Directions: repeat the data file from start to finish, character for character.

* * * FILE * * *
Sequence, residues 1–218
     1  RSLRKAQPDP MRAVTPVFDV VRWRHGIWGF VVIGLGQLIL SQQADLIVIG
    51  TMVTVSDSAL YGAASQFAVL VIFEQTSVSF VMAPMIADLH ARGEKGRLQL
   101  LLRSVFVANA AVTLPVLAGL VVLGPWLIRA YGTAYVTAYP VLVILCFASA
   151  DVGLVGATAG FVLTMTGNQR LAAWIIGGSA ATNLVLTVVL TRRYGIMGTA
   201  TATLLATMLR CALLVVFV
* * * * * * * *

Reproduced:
Sequence, residues 1–218
     1  RSLRKAQPDP MRAVTPVFDV VRWRHGIWGF VVIGLGQLIL SQQADLIVIG
    51  TMVTVSDSAL YGAASQFAVL VIFEQTSVSF VMAPMIADLH ARGEKGRLQL
   101  LLRSVFVANA AVTLPVLAGL VVLGPWLIRA YGTAYVTAYP VLVILCFASA
   151  DVGLVGATAG FVLTMTGNQR LAAWIIGGSA ATNLVLTVVL TRRYGIMGTA
   201  TATLLATMLR CALLVVFV